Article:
Since that record high on May 7th, prices have slowly fallen. But whether the recent decline is indicative of a bearish trend is unclear, says Andrew Goodman, CEO of Sherwood Lumber in Long Island.

“In the past six days there has been a major turning point in the future of wood. It’s fallen 20% from record highs and no one knows how much more is going to fall, ”says Goodman. “In the historical run-up to prices, there is still a lot of price decline. It’s only a matter of time.”

How long it will take the wood industry to catch up with demand by increasing supply and even building sawmills, which will reduce wood costs, can only be guessed at. Experts do not expect any significant decline in wood prices in the foreseeable future, as the feverish demand will likely continue into next year.

“In the case of building materials, be it timber, household appliances or drywall, the supply-side problems are likely to persist until 2022 and demand will also remain strong,” says Robert Dietz, chief economist at the Federal Association of Building Owners.

Should I build my own home despite rising costs?

For frustrated home buyers struggling with a lack of options to sell their homes, building a home seems like the best option. Such was the case with Brian Walsh and his family who wanted to be in a specific school district in Grand Rapids, Michigan. Walsh says the options were so limited it just made sense to build.

While he says the decision was ultimately the best for her family, there were some downsides, such as: essentially two households at the same time. This is where his background in financial planning came into play. Walsh insisted that they would not go over budget, despite the temptation to throw in a $ 100 upgrade here and therethat can add up quickly.

“With new buildings, you can’t just do everything that is on the wish list,” says Walsh. “We had a budget in mind and I wasn’t ready to go over the budget, so we’re going to do some things ourselves.”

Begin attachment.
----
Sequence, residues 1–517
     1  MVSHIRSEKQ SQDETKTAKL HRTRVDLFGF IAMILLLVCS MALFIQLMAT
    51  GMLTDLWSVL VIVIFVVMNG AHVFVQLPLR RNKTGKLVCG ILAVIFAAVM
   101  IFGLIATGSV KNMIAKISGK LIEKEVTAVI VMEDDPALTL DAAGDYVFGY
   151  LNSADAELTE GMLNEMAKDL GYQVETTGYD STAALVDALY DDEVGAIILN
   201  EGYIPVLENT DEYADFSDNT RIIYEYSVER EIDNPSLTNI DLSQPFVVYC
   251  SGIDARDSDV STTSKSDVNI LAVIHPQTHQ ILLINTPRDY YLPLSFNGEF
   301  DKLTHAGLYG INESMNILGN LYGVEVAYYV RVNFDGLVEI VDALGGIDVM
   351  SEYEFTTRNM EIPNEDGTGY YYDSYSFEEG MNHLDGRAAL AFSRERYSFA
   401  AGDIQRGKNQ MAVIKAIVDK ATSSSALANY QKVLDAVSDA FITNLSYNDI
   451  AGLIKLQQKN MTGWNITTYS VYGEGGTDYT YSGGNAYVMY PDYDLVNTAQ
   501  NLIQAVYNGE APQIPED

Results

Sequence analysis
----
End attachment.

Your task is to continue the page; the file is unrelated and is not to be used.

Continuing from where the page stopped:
Whether or not people should wait for the cost of materials to start building is something most experts say is a personal decision based on a number of factors, including your budget and how long you plan to stay in the house.

The advantage of the current market is extreme low interest rates, whereby the construction costs can be offset. But it can be foolish to try to time the market in hopes of getting both low rates and low construction costs.

The danger of waiting on the edge for prices to fall is that you wait too long and end up paying higher interest rates and higher construction costs. Nobody can predict exactly what might happen in a year or two. There could be a surge in new homes entering the market when the forbearance program expires and buyers are forced to sell, or the surge may never happen in the near future.

Instead, prudent buyers should consider their budget and whether they plan to stay in the home long enough to build up equity to make a profit on reselling. Depending on the cost of the house, this can take anywhere from five to seven years on average.

Finally, you’ll work with an experienced real estate agent and lender who can guide you through the process. Building a new home requires extra cash and careful planning. For example: are you going to buy an existing development that has utilities? Or are you going to buy land outside of an established neighborhood (which can lead to completely different decisions and potential problems)?

Problems like this are best solved with an experienced real estate expert at your side.